Representative simulations are shown in Fig. 2 for 633 nm wavelength. The optical field distribution was calculated by measuring the magnitude of the electric field squared in the toroid, the film, and the air; therefore the units of the optical intensity are V2/μm2. The optical field distribution in the toroid, sol-gel film, and air was then found by dividing the optical field intensity of each section by the total optical field intensity in all three sections. From these simulations, the precise values for χ, γ, δ are determined.
Several important conclusions can be drawn from these simulations. The most immediately apparent is the shift in the location and shape of the optical field. As the refractive index of the film increases, the optical mode transitions from only slightly interacting with the film to being completely confined within the film. This provides one mechanism for increasing the mode confinement in and interaction with the film.
3. Material synthesis and characterization methods
Two distinctly different types of sol-gel composite thin films were synthesized. A titanium precursor, titanium butoxide (Ti(OBu)4) (Aldrich, 97%), was added in order to increase the refractive index of the material. In the high refractive index composite sol-gel, methyltriethoxysilane (MTES) (Alfa Aesar, 98%) and Ti(OBu)4 were used as precursors. In the second sol-gel, tetraethyl orthosilicate (TEOS) (Alfa Aesar, 99.999 + %) was used as the silica sol-gel precursor. Both sol-gel silica materials were prepared in an ethanol solvent and catalyzed by hydrochloric acid (HCl) (EMD, 36.5-38.0%). The sol-gels were prepared holding molar ratios between solvent, precursor, catalyst and water constant.
MTES R = 0.3 sol-gels held a constant molar ratio of 0.3:1 Ti(OBu)4 to MTES precursor, in 16 moles anhydrous ethanol with 0.1 grams HCl. Similarly, MTES R = 0.1 sol-gels were prepared using a 0.1:1 molar ratio of Ti(OBu)4 to MTES precursor in 16 moles ethanol and 0.10 grams HCl. Both MTES sol-gels were prepared without any added water to avoid forming a precipitate. The composite solutions were prepared by adding the MTES precursor to the solvent, then adding HCl to hydrolyze the MTES, stirring for 20 minutes, and finally adding the Ti(OBu)4 to the pre-hydrolyzed silica precursor. The titanium precursor hydrolyzes much more rapidly, so in order to avoid an irreversible precipitate the silica precursor must be allowed to hydrolyze first. Adding Ti(OBu)4 before adding the catalyst formed solid white precipitate. After mixing for 2 hours, the sol-gels were aged for 24 hours to allow propagation of polymer matrix.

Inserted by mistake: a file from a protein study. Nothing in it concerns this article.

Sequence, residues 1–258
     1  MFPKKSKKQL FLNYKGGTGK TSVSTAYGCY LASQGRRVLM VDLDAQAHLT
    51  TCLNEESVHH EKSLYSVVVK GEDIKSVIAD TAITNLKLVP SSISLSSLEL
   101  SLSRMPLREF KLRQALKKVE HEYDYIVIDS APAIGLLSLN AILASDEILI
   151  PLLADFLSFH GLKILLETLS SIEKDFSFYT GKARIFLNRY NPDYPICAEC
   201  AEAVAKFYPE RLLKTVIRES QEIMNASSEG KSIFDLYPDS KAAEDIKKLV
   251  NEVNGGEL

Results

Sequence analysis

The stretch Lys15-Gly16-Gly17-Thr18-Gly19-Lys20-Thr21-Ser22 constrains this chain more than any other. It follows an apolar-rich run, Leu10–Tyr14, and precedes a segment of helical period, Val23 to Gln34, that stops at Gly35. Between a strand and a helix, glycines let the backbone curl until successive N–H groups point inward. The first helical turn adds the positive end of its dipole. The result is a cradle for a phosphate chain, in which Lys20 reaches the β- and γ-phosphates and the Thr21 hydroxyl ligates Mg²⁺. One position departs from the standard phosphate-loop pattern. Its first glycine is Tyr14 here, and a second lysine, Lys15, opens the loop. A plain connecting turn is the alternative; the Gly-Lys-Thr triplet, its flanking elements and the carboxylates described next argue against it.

TEOS sol-gels were prepared using 1:4:0.1:2 molar ratios between TEOS silica precursor, ethanol solvent, HCl catalyst, and deionized water. Similar to the MTES sol gel materials, the sol gel was prepared by adding the TEOS precursor to the solvent, followed by H2O, then HCl to hydrolyze the TEOS, and stirring for 5 minutes between each addition. After mixing for 2 hours, the sol-gels were aged for 24 hours to allow propagation of polymer matrix. Synthesis procedures for both the TEOS and MTES-Ti(OBu)4 sol-gels were performed at room temperature and atmospheric pressure in a chemical fumehood.